Do learning stories tell the whole story of children’s learning? A phenomenographic enquiry

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10 Citations (Scopus)


This study compares the stances of practitioners, parents and the quality assurance authority on the assessment of learning in New Zealand (NZ) early childhood education (ECE). The phenomenographic interview participants include practitioners (24) and parents (11) from 11 ECE settings. The reports issued by the Education Review Office (ERO) on all the sampled ECE settings are also analysed. The study shows that: (1) The practitioners and parents emphasize the importance of teacher–parent communication, listening to the child, progression and team assessment for assessment of learning in general, while the ERO attaches the importance of the same categories specifically to learning stories; (2) Irrespective of the strengths and limitations of learning stories, the practitioners and parents affirm that learning stories are not the only approach to assessment of learning, which is in contrast with the ERO’s implied position that learning stories are the only and best approach to the assessment of learning. The findings call for research that explores the implementation of a comprehensive approach to the assessment of learning in ECE in NZ.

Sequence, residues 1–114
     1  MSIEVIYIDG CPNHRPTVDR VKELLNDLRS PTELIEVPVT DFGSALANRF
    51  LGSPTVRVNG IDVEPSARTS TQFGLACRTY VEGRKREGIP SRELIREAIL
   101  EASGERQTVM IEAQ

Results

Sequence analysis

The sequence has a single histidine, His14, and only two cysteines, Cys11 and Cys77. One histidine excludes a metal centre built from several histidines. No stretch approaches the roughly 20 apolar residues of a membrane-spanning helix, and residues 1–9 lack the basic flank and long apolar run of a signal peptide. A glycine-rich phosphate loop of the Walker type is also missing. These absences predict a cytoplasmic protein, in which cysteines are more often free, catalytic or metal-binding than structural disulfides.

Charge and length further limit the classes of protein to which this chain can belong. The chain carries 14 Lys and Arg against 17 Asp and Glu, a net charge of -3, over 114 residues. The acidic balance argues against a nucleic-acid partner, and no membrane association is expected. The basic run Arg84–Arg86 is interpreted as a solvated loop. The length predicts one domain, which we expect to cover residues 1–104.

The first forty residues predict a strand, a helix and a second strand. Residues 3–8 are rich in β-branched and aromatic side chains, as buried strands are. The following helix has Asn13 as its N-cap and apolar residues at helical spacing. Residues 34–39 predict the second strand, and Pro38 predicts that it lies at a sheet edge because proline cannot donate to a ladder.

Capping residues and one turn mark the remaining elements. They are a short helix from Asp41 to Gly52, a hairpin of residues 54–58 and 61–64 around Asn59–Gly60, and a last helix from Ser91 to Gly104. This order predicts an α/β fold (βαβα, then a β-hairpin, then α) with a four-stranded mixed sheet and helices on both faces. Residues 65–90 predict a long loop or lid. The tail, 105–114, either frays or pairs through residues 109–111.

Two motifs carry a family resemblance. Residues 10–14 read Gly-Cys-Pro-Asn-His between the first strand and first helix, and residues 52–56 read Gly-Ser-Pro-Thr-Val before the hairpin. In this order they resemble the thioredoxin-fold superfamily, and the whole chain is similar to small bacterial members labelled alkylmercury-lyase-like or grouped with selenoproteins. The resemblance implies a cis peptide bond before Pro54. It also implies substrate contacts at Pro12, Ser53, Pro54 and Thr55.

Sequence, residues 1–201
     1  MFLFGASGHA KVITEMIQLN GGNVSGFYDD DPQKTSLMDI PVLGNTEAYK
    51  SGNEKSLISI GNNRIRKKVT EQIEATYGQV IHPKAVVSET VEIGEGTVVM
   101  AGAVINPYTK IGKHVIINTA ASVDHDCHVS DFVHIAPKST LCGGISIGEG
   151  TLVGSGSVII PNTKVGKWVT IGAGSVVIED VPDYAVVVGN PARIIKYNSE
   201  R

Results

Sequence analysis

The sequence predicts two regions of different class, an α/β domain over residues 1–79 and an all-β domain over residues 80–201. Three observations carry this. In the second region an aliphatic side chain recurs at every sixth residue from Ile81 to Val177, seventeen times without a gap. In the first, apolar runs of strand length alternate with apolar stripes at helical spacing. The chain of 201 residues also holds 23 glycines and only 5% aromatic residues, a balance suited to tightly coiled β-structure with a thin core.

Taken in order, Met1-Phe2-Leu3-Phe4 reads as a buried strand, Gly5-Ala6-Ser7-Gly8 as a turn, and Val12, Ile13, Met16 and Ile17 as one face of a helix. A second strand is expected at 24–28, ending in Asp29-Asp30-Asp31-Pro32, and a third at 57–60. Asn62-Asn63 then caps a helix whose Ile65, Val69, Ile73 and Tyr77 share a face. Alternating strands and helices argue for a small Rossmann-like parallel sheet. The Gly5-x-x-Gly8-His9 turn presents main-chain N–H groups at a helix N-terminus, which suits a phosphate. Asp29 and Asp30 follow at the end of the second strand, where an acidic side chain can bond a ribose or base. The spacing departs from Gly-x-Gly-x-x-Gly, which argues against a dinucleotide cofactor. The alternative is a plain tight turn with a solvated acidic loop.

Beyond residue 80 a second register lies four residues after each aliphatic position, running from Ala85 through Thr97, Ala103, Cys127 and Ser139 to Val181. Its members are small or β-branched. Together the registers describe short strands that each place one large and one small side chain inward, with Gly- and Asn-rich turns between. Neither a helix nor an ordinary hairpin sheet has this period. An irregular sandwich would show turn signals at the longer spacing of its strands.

Original languageEnglish
Pages (from-to)255-267
Number of pages13
JournalEarly Years
Issue number3
Publication statusPublished - Jul 3 2017
Externally publishedYes


  • assessment
  • Early childhood
  • learning stories

ASJC Scopus subject areas

  • Education
  • Developmental and Educational Psychology


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